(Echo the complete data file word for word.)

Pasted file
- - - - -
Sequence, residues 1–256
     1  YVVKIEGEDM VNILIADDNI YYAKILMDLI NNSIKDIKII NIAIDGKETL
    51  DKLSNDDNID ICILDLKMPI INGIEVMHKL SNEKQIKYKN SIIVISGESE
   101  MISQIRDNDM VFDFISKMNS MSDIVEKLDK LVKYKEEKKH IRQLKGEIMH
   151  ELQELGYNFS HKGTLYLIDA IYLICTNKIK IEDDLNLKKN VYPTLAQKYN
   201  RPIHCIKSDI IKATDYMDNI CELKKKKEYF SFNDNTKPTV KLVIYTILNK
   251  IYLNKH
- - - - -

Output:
Sequence, residues 1–256
     1  YVVKIEGEDM VNILIADDNI YYAKILMDLI NNSIKDIKII NIAIDGKETL
    51  DKLSNDDNID ICILDLKMPI INGIEVMHKL SNEKQIKYKN SIIVISGESE
   101  MISQIRDNDM VFDFISKMNS MSDIVEKLDK LVKYKEEKKH IRQLKGEIMH
   151  ELQELGYNFS HKGTLYLIDA IYLICTNKIK IEDDLNLKKN VYPTLAQKYN
   201  RPIHCIKSDI IKATDYMDNI CELKKKKEYF SFNDNTKPTV KLVIYTILNK
   251  IYLNKH